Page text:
The foreclosure tour was comprised of a handful of locations, which served as rallying points where speakers testified about their experiences battling bank foreclosure.
At one point, a woman in the crowd starting screaming, and interrupted the people's mic. Occupy activists brought her up to the stoop and the woman was given some time to tell her story. Through sobs, she explained that her son had served in Iraq and was killed in battle. "I cannot sleep! I cannot eat!" she cried. "My son died in Iraq in the army! I bought my house in 1997. I put down $80,000. I've been doing two jobs my whole life." And yet, her hard work wasn't enough to keep her head above water when the ballooned mortgage payments landed at her doorstep.
A young man named Quincy also testified about being tricked into signing over the deed to his home, and explained he was going to be evicted that very night before he broke down in tears.
Later in the evening, a group of around 50 people walked to Quincy's house in order to defend it from the eviction. The action unfolded on Twitter under the hashtag #Quincyhouse, and the small group was able to fend off the eviction, at least for the time being. At around 8 PM, the NYPD did charge the home even though police are technically supposed to wait for a marshal to start the eviction, but there were no arrests. Quincy will reportedly have an opportunity to show they have a right to the home in court today.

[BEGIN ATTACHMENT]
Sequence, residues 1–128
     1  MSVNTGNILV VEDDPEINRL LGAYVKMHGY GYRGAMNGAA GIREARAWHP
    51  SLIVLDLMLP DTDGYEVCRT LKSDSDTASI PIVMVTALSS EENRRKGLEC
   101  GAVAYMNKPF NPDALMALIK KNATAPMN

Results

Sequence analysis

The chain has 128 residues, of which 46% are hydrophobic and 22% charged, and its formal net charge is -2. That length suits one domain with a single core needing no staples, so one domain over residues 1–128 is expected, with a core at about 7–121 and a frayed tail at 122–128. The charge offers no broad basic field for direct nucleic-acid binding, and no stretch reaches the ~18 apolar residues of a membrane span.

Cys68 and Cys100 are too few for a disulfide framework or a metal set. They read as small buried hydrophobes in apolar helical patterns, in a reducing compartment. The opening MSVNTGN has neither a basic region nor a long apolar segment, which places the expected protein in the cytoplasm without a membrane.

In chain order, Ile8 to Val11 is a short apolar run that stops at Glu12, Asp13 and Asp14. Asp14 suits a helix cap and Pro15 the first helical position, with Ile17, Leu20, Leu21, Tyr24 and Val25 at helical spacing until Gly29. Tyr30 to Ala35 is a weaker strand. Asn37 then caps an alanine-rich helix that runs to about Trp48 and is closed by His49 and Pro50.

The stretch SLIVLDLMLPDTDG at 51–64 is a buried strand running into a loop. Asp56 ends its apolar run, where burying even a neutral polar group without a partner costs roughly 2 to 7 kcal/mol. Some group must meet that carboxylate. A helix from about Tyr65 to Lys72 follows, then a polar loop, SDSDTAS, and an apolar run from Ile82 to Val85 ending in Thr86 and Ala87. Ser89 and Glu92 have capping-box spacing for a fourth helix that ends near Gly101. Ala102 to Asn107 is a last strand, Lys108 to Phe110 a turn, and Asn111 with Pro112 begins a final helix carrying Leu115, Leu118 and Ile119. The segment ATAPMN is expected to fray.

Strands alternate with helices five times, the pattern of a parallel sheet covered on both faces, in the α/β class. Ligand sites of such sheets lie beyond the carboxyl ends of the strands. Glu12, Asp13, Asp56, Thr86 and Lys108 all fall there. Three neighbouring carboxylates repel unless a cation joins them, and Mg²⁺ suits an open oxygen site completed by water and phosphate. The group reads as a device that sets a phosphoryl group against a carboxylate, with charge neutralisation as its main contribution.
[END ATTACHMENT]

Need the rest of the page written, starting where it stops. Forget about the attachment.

The final stage of the tour unfolded at 702 Vermont St, the location of a new home for a selected family. Tasha, a mother roof two children (ages 9 and 5) has been unable to find steady employment due to a combination of factors including the sparse jobs market and caring for her children, one of whom is autistic.
Protesters greeted the family with balloons and a new Christmas tree for their home and played music in celebration as Councilman Barron led the way into their house.
The model of reclaiming foreclosed homes is one that Occupy hopes to export to every city in the United States. Nelini Stamp, an OWS activist, said the action was about "bringing the symbolic to the real."
"It's important to highlight the extreme oppressive housing business, or market, right now," she said, adding that the foreclosure rate in East New York is five times the statewide rate.
This kind of action makes me think that perhaps the eviction from Zuccotti Park might have been the best thing that could have happened to Occupy because the group seems to be most effective when bringing its message of justice and direct action into the communities hardest hit by the country's growing wealth divide.
Groups like VOCAL-NY, Organizing For Occupation, Occupy the Hood, and Occupy Our Homes are by far the most diverse organizations, in every way (age, race, gender, etc.) While the young, predominately white college-age students who previously set up camp in Zuccotti have every right in the world to feel disenfranchised and furious with their government, a social justice movement can't truly be effective until that movement empowers the first victims of Wall Street's swindle, poor people of color, instead of well-meaning supports simply hypothesizing about them about from afar.
Truly, Occupy fighting for affordable housing really does represent the interests of the 99 percent.
Below is a slideshow of some photos I took during the march, including Councilman Barron and Bertha Lewis marching, some of the foreclosed homes, and finally the reclaimed house and subsequent block party.
Allison Kilkenny is an In These Times Staff Writer and the co-host of the critically acclaimed radio show Citizen Radio. Her blog for In These Times, Uprising, focuses on efforts around the world to address the global economic crisis.